Spinning Hook Kick was my secret weapon!

If I could add up the amount of money I poured into those machines it would probably make me cry. I spent hours upon hours moving joysticks and pushing buttons trying to master my favorite games… destroying invading insectoid spaceships, trying to obtain the coveted ”double-ship” in Galaga, trying to time the Mas Oyama inspired punching of a charging bull in Karate Champ, jumping barrels left and right in Donkey Kong (which to this days I don’t understand… I owned Donkey Kong at home on the Atari! Why was I paying to play it in the arcade?!?) and yelling at my friends for getting us killed while playing level after level of Gauntlet (Thyra the Valkyrie ftw!). Those were the days!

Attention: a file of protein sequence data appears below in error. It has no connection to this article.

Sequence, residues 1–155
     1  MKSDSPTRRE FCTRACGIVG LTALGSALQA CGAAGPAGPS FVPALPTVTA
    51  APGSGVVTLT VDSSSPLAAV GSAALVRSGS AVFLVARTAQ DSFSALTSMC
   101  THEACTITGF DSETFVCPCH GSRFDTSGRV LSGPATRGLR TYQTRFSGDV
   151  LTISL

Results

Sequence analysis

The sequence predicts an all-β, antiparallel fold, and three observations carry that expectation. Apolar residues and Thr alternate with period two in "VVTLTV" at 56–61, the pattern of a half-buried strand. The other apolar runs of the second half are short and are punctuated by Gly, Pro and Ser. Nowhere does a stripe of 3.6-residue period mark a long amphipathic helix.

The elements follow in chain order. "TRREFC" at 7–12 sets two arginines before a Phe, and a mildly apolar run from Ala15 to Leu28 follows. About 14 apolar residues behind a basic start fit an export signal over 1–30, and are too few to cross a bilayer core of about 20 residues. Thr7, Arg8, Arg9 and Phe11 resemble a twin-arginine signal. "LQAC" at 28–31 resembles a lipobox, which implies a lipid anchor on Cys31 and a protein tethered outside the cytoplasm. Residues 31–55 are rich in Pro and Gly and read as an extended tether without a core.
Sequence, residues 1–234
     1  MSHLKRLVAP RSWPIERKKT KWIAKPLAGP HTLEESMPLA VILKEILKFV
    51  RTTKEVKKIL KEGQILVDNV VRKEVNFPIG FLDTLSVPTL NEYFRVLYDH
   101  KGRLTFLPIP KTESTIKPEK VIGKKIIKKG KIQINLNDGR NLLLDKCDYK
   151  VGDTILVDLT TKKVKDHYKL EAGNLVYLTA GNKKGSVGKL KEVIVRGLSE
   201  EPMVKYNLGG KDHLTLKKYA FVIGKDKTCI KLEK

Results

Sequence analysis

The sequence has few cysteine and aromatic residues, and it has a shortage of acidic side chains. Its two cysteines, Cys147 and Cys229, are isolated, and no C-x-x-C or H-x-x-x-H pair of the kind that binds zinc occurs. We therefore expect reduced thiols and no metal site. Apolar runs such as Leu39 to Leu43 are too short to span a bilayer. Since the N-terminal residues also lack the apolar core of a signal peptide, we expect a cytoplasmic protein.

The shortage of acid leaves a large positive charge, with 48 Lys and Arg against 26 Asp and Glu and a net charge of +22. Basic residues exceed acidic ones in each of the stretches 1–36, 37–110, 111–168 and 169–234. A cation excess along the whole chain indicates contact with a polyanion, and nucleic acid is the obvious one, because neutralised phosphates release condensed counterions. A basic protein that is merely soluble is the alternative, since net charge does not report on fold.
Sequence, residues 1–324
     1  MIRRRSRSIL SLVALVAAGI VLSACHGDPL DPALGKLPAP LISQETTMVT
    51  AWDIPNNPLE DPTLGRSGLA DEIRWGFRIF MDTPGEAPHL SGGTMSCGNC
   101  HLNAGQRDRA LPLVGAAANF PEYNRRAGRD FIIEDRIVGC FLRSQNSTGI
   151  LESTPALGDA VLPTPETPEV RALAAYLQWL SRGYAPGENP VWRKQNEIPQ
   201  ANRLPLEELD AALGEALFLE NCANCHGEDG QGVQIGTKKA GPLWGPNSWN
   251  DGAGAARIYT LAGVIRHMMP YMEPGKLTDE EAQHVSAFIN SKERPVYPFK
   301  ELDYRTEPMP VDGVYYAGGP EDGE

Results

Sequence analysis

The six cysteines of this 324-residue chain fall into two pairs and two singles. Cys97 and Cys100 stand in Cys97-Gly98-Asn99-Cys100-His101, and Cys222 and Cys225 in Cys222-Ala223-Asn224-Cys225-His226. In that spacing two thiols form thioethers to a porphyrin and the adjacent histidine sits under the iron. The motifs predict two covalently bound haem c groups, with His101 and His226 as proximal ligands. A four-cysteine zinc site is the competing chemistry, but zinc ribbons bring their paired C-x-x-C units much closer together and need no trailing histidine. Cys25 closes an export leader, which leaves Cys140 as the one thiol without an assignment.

Just thinking about it brings a smile to my inner child’s face. While I wouldn’t give up my X-box or PC for the life of me, there is something about the experience of going to the arcade with a group of friends that I sorely miss. What about you? Do you have any childhood geek nostalgia you want to share with the class?

Check back later and I will continue to babble on about board games, Tolkein, Nintendo and Batman. In the meantime, drop a comment and let me know what you nerded out on as a kid! Also check out our YouTube channel (if you want access to our Nerd-Core Fitness exercise videos), follow me on Twitter, and like us on Facebook and Google+ (there is content on both not available here on the site.) There are so many different ways for you to get your daily dose of Jerdly goodness so don’t miss out!

(Want to keep following the Mighty Jerd’s Spectacular Nerd Voyage? It continues in the next installment - The Mighty Jerd 103!)

 

 

 

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{ 1 comment… read it below or add one }

1 Mark Spada August 27, 2013